They were also masterly at building and engineering as shown by the structures which have remained standing for 500 years, in spite of earthquakes, wind and weather.  Excelling at stonemasonry in graphite and limestone in which the stones fitted together perfectly without mortar and without a razor blade play, they built various buildings, temples and fortifications such as the fort of Ollantaytambo and the sacred site of Machu Picchu.  This citadel of about 200 structures was situated between the Machu Picchu and Huayna Picchu mountains:  it was only discovered in 1911.

When it came to craftsmanship, they also excelled in creating objects made of gold and silver as well as eye-catching textile designs, since they had great regard for cloth and its artistry.  To this end, they grew cotton, sheared wool from the alpaca and the vicuna, which belonged to the llama family and used looms to create complex textile designs for cloth, mostly worn by royalty.

After Pachacutec’s death in 1471, the Inca’s power was further expanded and consolidated.  By 1493 under the King Huayna Capac, the empire appeared to reach its zenith.  He established a new royal estate in Ecuador, namely the country palace of Quispiguanca, which was both the king’s palace and his country home and represented one of the many royal estates built over the years by various Inca kings.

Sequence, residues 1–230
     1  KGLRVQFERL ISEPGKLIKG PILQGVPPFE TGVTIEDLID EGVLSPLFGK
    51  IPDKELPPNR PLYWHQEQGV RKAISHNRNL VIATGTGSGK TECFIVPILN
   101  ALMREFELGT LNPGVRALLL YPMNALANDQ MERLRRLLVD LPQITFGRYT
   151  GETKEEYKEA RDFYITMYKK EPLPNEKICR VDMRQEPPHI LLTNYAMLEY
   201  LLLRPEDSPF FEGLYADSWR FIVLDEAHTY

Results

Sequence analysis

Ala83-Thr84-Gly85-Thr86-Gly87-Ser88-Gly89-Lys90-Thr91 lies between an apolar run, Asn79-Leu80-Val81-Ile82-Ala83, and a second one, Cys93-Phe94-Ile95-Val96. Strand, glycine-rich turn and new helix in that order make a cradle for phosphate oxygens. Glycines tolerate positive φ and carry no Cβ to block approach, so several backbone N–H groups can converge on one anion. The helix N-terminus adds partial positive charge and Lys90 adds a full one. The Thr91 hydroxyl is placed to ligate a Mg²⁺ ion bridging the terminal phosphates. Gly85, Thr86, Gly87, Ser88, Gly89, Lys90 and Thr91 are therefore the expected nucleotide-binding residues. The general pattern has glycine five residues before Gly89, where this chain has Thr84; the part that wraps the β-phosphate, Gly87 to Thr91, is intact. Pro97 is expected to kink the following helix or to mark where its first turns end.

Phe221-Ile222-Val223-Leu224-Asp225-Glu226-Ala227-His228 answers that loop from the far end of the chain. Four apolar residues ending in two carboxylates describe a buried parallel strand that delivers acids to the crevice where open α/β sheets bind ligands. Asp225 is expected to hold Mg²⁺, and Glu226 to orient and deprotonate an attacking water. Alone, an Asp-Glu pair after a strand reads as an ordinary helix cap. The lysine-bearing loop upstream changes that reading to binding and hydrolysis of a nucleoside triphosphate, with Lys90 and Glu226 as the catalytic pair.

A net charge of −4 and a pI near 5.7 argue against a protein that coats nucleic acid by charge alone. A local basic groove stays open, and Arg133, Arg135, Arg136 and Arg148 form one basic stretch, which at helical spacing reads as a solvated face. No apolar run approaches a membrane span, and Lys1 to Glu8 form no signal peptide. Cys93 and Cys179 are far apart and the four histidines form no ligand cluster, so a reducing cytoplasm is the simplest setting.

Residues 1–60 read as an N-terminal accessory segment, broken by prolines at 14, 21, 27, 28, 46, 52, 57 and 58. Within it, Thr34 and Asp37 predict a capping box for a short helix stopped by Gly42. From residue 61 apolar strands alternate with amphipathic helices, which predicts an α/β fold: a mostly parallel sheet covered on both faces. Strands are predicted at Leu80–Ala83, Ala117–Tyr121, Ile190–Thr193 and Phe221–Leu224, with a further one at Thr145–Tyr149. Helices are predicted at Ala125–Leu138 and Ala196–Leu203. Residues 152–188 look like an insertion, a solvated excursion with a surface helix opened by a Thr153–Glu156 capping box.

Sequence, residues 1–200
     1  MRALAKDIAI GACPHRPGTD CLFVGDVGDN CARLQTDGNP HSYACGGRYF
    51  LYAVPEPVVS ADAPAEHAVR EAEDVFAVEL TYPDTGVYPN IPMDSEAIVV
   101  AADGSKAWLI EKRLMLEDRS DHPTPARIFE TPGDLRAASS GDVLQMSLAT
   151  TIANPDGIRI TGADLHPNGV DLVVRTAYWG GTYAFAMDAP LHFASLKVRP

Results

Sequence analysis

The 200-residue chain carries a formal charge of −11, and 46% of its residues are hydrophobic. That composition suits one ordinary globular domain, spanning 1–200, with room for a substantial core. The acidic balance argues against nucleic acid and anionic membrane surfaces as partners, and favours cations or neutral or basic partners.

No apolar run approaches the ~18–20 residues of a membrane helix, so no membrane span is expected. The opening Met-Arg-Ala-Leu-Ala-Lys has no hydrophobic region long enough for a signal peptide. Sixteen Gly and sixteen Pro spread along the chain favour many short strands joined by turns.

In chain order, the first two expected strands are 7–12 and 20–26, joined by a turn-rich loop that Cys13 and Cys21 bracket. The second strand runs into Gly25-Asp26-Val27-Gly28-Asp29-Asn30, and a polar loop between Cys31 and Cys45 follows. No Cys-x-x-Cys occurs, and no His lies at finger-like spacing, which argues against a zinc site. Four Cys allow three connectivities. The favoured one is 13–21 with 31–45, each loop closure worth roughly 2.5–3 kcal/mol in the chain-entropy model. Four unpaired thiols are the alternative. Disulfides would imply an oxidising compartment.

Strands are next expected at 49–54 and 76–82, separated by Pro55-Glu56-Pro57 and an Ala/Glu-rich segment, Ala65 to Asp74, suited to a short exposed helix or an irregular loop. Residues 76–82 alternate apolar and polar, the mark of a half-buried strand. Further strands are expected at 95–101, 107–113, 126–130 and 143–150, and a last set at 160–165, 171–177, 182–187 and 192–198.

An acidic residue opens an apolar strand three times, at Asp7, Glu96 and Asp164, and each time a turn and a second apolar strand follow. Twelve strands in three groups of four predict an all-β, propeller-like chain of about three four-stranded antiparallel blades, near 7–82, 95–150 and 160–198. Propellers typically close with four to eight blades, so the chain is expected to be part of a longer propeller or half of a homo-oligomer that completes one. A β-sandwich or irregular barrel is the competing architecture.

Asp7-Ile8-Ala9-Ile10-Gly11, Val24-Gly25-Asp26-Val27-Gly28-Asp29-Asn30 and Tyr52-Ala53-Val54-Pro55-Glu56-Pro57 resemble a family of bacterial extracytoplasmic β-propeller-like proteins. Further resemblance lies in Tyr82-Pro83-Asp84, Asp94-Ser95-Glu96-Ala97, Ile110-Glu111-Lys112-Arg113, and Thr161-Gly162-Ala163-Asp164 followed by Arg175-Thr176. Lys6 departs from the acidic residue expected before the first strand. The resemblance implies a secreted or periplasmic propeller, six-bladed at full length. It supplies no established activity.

The estate was sumptuous and impressive as an example of a highly developed culture and civilization.  Workers were instructed to divert the Urubamba River to the south of the valley, to drain marshes and level hills in order to plant crops, including corn, cotton and peanuts.  It was essentially the king’s place of relaxation containing banqueting halls for feasting, entertainment and gambling, a game lodge and a forest for hunting deer and other game.  The palace was surrounded by fertile fields, parks and gardens.

When the king died, his body was mummified as was the tradition and taken to Cusco where, over the years, members of his family came to consult him.  His advice was conveyed through an oracle next to him.  Inca tradition included a month of “carrying the dead,” when people fed the mummies of their ancestors.  At this time, they took them from their storehouses, dressed them in rich clothing and gave them food and drink, after which they would sing and dance and walk with them from house to house.